How a personal digital twin could help improve our health and make diagnosis and treatment of medical issues easier and more effective. And perhaps lead to the eventual development of a device like Star Trek’s tricorder for medical analysis.
With a quick scan using a tiny handheld device, Doctor McCoy quickly identifies what is wrong with a patient in Star Trek. Admittedly, if the patient is wearing a red shirt, the diagnosis is usually, “It’s worse than that, he’s dead Jim!”
But for most cases, the tricorder can quickly differentiate between Vulcan flu and food poisoning from eating some weird local plant. But how does it do that and what do we need to do to get there? A first step would be to have robust databases of medical conditions and symptoms. Doctor Google is already regularly consulted to find out what is wrong with us but with only a description of our symptoms to go on, he can only give a list of potential conditions. So a headache could be anything from eye-strain from staring at our screens too long to the onset of a migraine. And a sore stomach could be anything from indigestion to an ulcer.
To understand what is really going on, we need a complete model of the human body and be able to compare an individual’s personal model or digital twin, with the generic one to really understand what the problem is. At a recent HTC Seminar in Eindhoven, I discovered that we are making steps towards this.
I had previously come across the term ‘digital twin’ in regard to complex systems last year. However, the focus of these was more on industrial automation and smart lighting systems. A digital twin that models the complete system can help engineers understand how it works, spot any potential issues before it is built, diagnose problems when it is running and even to find ways to make it more efficient in the future.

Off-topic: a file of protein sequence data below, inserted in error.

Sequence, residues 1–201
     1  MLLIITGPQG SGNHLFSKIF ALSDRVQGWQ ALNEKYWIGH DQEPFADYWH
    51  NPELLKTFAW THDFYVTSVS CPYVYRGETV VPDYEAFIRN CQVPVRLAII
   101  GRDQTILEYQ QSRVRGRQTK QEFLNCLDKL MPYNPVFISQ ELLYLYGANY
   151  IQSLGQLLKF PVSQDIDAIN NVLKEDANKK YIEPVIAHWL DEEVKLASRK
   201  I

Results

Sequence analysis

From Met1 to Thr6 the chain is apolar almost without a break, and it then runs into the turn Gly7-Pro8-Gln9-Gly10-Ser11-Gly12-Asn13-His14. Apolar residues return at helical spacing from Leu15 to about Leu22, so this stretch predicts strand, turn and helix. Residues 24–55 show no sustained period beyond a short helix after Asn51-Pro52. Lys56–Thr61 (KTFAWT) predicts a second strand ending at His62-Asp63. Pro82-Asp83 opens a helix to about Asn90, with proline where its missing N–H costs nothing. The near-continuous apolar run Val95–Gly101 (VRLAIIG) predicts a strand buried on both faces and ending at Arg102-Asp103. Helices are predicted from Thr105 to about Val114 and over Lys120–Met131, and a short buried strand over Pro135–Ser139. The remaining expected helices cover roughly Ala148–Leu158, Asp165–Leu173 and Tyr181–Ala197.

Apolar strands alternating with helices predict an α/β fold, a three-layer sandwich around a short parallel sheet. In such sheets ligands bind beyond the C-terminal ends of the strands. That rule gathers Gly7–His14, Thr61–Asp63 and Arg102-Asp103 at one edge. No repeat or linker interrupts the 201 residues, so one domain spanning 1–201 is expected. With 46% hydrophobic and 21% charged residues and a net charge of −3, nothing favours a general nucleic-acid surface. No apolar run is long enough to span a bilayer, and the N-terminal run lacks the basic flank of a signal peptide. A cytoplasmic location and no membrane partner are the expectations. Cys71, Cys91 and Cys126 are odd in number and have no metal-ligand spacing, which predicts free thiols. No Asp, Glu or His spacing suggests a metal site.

Creating a digital twin of the human body, one of the most complex systems around, would therefore let us detect problems before they occur, test different options for fixing it before applying them to the patient and even find new ways to keep us healthy. The good news is that the first steps have already been taken, but there is still a long way to go.
For example, One of the examples presented at the seminar was a system that modeled the patient’s heart. Based on a standard model, it took specific patient data to model the individual’s heart which could then be used for planning heart surgery such as replacing a damaged valve with an artificial one. As this is a delicate operation with no room for error, being able to work out the exact positioning for the valve using the digital twin, significantly increases the chances of a successful replacement.
Taking this further, imagine if rather than just the heart, each of us had our own personal digital twin. Then, if we got sick, the doctor could compare our individual models with the standard templates to get a quick, accurate diagnosis of the problem. Even better, before prescribing a course of treatment, they could test it out on our digital twin to ensure there were no potential side effects.
There are still plenty of issues to overcome before our GP starts waving a whirring tricorder at us. Current medical digital twin solutions tend to be focused on just a single organ or system in the body, such as the heart or the nervous system, but solutions for at least some of the other bits are in development. There are also issues about data security and privacy – who owns and can access or change the information contained in your digital twin. And we still need to be able to do it all without taking blood samples, being physically connected to or even put inside a machine. But as companies and research institutions continue to build an increasingly complete digital model of our bodies, a tricorder-like device becomes ever closer to reality.